# Embrace good typography on the Web

Published on January 9, 2016.

The modern web sup­ports beau­tiful graph­ics, re­spon­sive lay­outs, in­ter­ac­tiv­ity, even 3D graph­ics, but ty­pog­raphy usu­ally re­mains in the back­ground. With this site I wanted to ex­per­i­ment with the tools made avail­able by the latest HTML5 and CSS3 tech­nolo­gies to ob­tain print­-level ty­pog­raphy of my blog posts.

Ty­pog­raphy on the web is often over­looked. Web sites usu­ally seem to not care about the read­ability of their con­tents, and I think this has to do with the per­ceived dif­fi­culty in ob­taining some­thing dif­ferent from the de­fault, with re­sults con­sis­tent across browsers. I am not an ex­pert of web tech­nology at all. How­ever, when I first thought about the re­design of my per­sonal blog, which re­sulted in the site you are cur­rently read­ing, I chose to keep the layout sim­ple, fo­cusing in­stead on trying to ex­ploit avail­able web tech­nolo­gies to ob­tain the best pos­sible ty­po­graph­ical re­sults. This post sur­veys what I wanted to do and what I’ve learnt trying to do it.

# Fonts

In the dig­ital ty­pog­raphy world, when one asks for qual­ity, the an­swer is $$\LaTeX$$. I love it. One of its major draw­backs, how­ever, is that it is by de­sign in­trin­si­cally tied to the paper medium. Some at­tempts to adapt $$\TeX$$ and $$\LaTeX$$ to other media such as web pages ex­ist, but they are clumsy at best. What a web site can do, how­ever, is to em­bedd the same ty­po­graph­ical el­e­ments and guide­lines that make $$\LaTeX$$ output look so good.

The first el­e­ment in this re­gard is the font used to render the text. Thanks to this web­site, I’ve man­aged to use Com­puter Modern, the same font used by de­fault in $$\LaTeX$$ doc­u­ments. I use it in both serif and san­s-serif vari­ants, and it looks in­cred­ibly good. This has been pos­sible thanks to the CSS3 stan­dard that now sup­ports custom web fonts. The sup­ported font for­mat, of course, varies be­tween browsers, but for­tu­nately the font comes nicely pack­aged in all the dif­ferent for­mats needed to sup­port the major browsers. As a rule of thumb, all the web site el­e­ments are ren­dered in san­s-serif, while the con­tent’s text para­graphs are ser­ifed.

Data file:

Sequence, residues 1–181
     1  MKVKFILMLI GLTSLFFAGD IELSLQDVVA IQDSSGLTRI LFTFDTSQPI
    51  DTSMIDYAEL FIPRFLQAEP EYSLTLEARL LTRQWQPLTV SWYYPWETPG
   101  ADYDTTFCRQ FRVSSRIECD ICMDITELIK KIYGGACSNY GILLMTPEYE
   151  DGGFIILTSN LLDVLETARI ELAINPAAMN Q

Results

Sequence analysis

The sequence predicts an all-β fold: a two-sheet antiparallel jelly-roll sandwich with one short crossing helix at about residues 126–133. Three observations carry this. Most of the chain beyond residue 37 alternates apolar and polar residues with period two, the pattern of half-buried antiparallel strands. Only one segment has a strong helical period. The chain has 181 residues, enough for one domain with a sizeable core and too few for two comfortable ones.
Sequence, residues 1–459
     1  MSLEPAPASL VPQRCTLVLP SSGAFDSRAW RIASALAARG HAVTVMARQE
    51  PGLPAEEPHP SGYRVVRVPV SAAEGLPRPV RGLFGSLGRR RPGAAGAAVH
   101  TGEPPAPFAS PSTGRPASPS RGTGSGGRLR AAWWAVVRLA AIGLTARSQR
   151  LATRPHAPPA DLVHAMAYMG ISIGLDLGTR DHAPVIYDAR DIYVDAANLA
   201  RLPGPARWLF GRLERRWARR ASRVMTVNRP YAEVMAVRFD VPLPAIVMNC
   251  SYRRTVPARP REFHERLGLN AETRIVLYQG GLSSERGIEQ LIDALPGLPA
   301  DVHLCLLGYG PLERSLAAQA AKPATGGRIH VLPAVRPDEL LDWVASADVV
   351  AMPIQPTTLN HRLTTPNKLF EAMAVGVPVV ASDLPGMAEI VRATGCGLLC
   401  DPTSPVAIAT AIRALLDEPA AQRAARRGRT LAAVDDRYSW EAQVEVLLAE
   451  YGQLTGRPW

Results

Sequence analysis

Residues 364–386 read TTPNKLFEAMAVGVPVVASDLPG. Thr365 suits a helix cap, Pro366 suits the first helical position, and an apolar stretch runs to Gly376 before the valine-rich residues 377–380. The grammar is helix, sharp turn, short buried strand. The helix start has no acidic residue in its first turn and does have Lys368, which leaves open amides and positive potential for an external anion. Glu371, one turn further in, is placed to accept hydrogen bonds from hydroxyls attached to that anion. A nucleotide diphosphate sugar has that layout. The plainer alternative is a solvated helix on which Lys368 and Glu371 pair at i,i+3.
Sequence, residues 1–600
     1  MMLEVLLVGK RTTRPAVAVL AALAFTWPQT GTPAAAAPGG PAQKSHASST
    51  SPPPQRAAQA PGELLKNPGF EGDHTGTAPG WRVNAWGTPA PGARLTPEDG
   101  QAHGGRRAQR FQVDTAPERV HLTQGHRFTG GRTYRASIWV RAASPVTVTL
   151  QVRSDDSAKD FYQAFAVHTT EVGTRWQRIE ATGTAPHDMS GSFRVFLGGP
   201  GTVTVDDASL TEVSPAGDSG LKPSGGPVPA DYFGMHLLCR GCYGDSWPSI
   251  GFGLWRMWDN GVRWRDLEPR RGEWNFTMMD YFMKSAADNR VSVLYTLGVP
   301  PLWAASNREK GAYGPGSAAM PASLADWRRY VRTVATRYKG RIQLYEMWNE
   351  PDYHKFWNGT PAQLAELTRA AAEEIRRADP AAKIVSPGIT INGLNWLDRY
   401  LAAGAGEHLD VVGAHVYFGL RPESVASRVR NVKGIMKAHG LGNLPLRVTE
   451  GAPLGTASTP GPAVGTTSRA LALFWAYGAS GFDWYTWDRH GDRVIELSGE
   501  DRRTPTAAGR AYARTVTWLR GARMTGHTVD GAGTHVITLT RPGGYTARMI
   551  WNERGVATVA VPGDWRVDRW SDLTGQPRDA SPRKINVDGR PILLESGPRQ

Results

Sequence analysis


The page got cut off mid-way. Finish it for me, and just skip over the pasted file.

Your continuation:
In ad­di­tion to the main font, in a Com­puter Sci­ence blog it is im­por­tant to also cor­rectly and nicely typeset source code text. I’ve choosen Hack, an open source mono­space font de­signed to render source code on the screen. You can see how it looks later in this post. It is, by the way, also the font that I reg­u­larly use in my text ed­i­tors.

# Para­graphs layout

An­other im­por­tant as­pect of a good looking doc­u­ment is the para­graph jus­ti­fi­ca­tion. Web sites tend to not jus­tify text, leaving every­thing left­-aligned, which looks very bad to me. Jus­ti­fi­ca­tion is, how­ever, not easy at all to get right. Al­though the CSS3 stan­dard na­tively sup­ports text jus­ti­fi­ca­tion (it suf­fices to specify a text-align: justify prop­er­ty), it is com­pletely use­less without proper sup­port for hy­phen­ation. Jus­ti­fied but non hy­phen­ated para­graphs look very weird, be­cause the browser has to put too much space be­tween words.

Un­for­tu­nately, while the sup­port for au­to­matic hy­phen­ation of text the­o­ret­i­cally ex­ists (with a text-hyphenation: auto prop­er­ty), cur­rent browsers do not sup­port it. What they do sup­port is the text-hyphenation: manual prop­erty, which is en­abled by de­fault. The manual hy­phen­ation con­sists in putting a &shy; char­acter at the right point within words, in order to tell the browser where the word can be bro­ken. This mech­a­nism works well in any browser, but it means that all the text of the page has to be pre-hy­phen­ated and filled with those char­ac­ters. This is, I think, the reason why no­body does it, but thanks to Hakyll, the pre­pro­cessing soft­ware tool that I used to create this web­site, this is not so hard after all (more on this in a later post).